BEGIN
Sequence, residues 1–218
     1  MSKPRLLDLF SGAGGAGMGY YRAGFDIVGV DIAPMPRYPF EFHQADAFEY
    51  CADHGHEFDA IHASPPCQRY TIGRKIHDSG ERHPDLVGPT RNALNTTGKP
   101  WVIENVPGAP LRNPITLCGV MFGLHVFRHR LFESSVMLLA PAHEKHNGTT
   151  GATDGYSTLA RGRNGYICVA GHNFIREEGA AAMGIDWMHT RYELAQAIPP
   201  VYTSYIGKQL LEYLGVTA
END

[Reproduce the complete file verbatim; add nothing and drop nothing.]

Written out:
Sequence, residues 1–218
     1  MSKPRLLDLF SGAGGAGMGY YRAGFDIVGV DIAPMPRYPF EFHQADAFEY
    51  CADHGHEFDA IHASPPCQRY TIGRKIHDSG ERHPDLVGPT RNALNTTGKP
   101  WVIENVPGAP LRNPITLCGV MFGLHVFRHR LFESSVMLLA PAHEKHNGTT
   151  GATDGYSTLA RGRNGYICVA GHNFIREEGA AAMGIDWMHT RYELAQAIPP
   201  VYTSYIGKQL LEYLGVTA